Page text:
Friday, November 28, 2014

BIRDMAN Is Strange, Ambitious, Doesn't Quite Hit Its Mark

 BIRDMAN Review:

- I really, really wanted to love BIRDMAN. From the trailers, I pre-fell in love with the concept of Michael Keaton as a former cinematic superhero star who was now grappling with a showbiz career on the decline, all while being haunted by the ghosts of his past triumphs. The meta-heavy setup was intriguing, and Keaton is an actor who has been underutilized in recent years. BIRDMAN seemed to have all the ingredients to be something special. After seeing it though, I don't know. I recognize that some will love the movie's twisty, unique narrative style. And Keaton *is* pretty amazing in this role, playing an exaggerated version of himself with all kinds of charisma and self-effacing humor. But director Alejandro González Iñárritu's offbeat vision never quite gels into something that 100% works. I was impressed by the film's ambition, but never fully got what it was trying to say. Ultimately, the film's message, I think, is muddled by Inarritu's drive to be clever.

In the film, Keaton plays Riggan, a middle-aged actor who once starred in the much-loved superhero franchise Birdman. Riggan famously turned down the opportunity to make another Birdman film (just as Keaton, in real life turned down the chance to do a third Batman movie), and he's now writing and producing and starring in a play that, he's hoping, will reestablish his artistic cred and finally help him move beyond Birdman. And yet, Birdman haunts him. Riggan has strange visions of the superhero he once played - visions that egg him on and try to convince him that he *is* Birdman, and that, by-god, he should embrace it. Riggan tries to put his past behind him, but part of him insists that Birdman is not only something to be proud of, but an innate part of his being that makes him a real-life, no-joke superhero.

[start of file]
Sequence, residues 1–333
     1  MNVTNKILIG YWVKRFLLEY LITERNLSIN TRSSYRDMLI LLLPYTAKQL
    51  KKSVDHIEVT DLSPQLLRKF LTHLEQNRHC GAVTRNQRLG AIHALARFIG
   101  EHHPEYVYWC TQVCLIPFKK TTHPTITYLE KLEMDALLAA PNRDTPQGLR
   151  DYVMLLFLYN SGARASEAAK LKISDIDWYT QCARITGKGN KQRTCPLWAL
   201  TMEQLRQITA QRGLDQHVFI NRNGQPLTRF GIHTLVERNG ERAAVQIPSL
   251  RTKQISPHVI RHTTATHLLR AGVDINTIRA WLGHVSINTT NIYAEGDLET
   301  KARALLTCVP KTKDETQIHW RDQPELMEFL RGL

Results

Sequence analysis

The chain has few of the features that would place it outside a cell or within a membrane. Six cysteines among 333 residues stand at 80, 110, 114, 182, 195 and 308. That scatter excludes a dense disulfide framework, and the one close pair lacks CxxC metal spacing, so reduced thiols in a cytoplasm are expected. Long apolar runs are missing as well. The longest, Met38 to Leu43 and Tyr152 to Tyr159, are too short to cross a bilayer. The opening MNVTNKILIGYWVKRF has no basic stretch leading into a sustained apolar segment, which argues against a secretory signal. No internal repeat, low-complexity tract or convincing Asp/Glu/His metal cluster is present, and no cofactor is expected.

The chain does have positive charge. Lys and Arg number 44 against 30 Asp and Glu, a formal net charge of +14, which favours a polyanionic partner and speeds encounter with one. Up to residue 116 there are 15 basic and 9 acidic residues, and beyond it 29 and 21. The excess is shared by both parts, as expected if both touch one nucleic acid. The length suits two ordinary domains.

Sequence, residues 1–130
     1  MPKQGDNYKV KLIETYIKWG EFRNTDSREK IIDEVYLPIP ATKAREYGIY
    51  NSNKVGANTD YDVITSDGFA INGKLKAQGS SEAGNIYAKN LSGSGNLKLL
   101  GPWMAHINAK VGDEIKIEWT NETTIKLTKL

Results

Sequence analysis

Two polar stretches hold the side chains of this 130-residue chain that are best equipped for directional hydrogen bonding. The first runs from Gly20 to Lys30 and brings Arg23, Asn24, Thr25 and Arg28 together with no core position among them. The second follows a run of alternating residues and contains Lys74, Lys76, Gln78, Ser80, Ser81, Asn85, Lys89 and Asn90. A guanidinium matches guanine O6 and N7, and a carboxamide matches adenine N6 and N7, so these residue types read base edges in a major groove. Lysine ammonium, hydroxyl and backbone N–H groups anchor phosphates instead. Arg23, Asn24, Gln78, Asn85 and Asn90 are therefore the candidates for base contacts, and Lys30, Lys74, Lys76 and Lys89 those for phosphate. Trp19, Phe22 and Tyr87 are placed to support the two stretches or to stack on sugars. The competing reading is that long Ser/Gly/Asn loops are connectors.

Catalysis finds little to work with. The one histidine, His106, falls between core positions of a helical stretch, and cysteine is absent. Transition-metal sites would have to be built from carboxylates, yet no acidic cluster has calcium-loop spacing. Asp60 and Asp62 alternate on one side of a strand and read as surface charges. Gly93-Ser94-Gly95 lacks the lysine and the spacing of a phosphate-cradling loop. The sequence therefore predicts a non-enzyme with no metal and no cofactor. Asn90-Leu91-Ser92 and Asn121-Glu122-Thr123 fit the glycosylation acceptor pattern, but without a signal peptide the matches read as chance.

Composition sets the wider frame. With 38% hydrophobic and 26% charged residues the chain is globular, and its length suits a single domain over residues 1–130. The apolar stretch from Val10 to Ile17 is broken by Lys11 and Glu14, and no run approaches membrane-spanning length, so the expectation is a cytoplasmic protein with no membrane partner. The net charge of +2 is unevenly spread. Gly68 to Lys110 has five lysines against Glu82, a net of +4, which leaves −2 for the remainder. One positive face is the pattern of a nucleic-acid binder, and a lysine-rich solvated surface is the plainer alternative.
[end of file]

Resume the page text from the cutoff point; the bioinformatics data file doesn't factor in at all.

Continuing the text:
Here's the thing though: the whole Birdman aspect of the film - this nagging part of Riggan's psyche that just won't die - is the most interesting part of the film. But Inarritu downplays it - having Birdman appear only sporadically, and with little consequence. Inarritu never seems quite sure where he wants to go with the whole Birdman thing, and so the nature of Riggan's hallucinations (or are they ...?) are never fully addressed or resolved in a satisfying manner. What Inarritu seems much more interested in is the play that Riggan is producing. And so BIRDMAN becomes, ultimately, much more about the theater than it is anything else. The director shoots the movie in a way that makes it seem like we're watching one long, uninterrupted take. It seems that what Inarritu is really interested in is capturing the experience of theater. But the play-within-the-movie of Birdman is, sadly, only mildly interesting.